The First Step to Become a Self-Directed Language Learner

Monday, November 3rd, 2014

I was working with an English learner from China the other day, and she mentioned that she was getting her driver’s license. In China, the first step in getting a driver’s license involves studying for and taking a 100 question multiple choice exam and passing with at least 90% accuracy.

My response: Wow! 100 questions? I’d never pass!

Her response: No. It’s no big deal. We’re Chinese. That’s what we do. We’re very good at taking tests. …Continue Reading

Are you a self-directed language learner?

Saturday, November 1st, 2014

So there you are. Sitting in front of your computer. You suddenly get the urge to learn Cantonese. Do you know what to do? …Continue Reading

What’s wrong with language learner compensation strategies at the higher levels?

Monday, October 6th, 2014

A common attitude held by language learners is that one course or a series of sequential courses will allow them to meet their individual goals. The reality of proficiency development is that while the lower levels breeze by for learners, at the higher levels it will often seem as if the same learners plateau.

In fact, by the time language learners reach the advanced levels, they have often developed a complex set of compensation strategies which allow them to …Continue Reading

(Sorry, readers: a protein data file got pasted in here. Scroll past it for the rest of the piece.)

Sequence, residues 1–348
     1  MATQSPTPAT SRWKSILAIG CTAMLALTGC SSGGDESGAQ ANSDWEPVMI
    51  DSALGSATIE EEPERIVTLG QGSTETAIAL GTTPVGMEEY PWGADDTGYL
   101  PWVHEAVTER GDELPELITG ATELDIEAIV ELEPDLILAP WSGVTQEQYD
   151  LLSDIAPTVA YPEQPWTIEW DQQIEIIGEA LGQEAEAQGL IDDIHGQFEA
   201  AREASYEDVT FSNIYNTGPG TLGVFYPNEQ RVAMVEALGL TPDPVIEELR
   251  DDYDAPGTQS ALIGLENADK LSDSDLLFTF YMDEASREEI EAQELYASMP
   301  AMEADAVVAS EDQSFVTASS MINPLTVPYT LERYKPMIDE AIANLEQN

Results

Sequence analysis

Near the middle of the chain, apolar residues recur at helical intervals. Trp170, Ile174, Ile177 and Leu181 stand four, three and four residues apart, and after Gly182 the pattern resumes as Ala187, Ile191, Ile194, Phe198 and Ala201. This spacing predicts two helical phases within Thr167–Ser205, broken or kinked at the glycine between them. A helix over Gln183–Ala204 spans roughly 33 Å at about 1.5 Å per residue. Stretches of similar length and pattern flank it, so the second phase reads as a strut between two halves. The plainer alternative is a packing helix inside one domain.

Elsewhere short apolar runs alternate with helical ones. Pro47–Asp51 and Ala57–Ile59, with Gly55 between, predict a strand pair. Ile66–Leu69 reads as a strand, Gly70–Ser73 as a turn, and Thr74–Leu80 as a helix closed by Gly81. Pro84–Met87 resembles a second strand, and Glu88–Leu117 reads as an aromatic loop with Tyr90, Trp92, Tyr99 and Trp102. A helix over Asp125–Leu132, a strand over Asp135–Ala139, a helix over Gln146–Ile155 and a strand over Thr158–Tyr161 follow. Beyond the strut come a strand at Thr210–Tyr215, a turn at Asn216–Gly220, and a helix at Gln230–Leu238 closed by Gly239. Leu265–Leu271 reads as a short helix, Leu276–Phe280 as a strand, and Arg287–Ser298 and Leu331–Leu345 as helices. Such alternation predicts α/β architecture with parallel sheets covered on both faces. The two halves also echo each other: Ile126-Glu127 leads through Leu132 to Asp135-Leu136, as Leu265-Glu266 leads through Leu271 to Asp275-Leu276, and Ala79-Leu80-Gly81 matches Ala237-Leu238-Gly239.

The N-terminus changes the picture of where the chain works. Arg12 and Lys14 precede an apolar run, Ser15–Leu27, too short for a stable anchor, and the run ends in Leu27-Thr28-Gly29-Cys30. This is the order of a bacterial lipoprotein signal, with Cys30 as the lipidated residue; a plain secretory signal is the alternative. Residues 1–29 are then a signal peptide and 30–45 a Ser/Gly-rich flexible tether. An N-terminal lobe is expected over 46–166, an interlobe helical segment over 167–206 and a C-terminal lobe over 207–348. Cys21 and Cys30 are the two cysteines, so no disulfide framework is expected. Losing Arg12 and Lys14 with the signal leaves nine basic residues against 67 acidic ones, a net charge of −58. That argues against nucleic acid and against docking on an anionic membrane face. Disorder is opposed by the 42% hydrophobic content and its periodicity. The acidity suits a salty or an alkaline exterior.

What is an individual difference? How to accommodate?

Friday, October 3rd, 2014

What are your individual differences?

I was completing a book review the other day and I came across the term ‘individual difference’ for language learners. Then last week I was finishing an article with a colleague and we got stuck on the draft. The problem? We were working through defining and including ‘individual differences’.

What are individual differences? …Continue Reading

Not Everyone Is A Master Language Learner

Saturday, September 6th, 2014

What’s the connection between culture, class (as in social-capital) and language? Check out this article from The Atlantic, the story of a mid-career, African-American professional enrolling in an intensive language program.

Coates, the author, highlights not only what it means to be an effective language learner in one of the world’s most renowned language programs, but it also touches on the fact that the skills needed for success are gifted to us through our families and upbringing, termed social-capital, and that certain lucky individuals come into these programs as master learners not because they are smarter, but because of their previous learning experiences. This access to social-capital (or lack of) has been documented in university programs across the US for many years now.

The idea that there are ‘master’ language learners among us bears consideration. …Continue Reading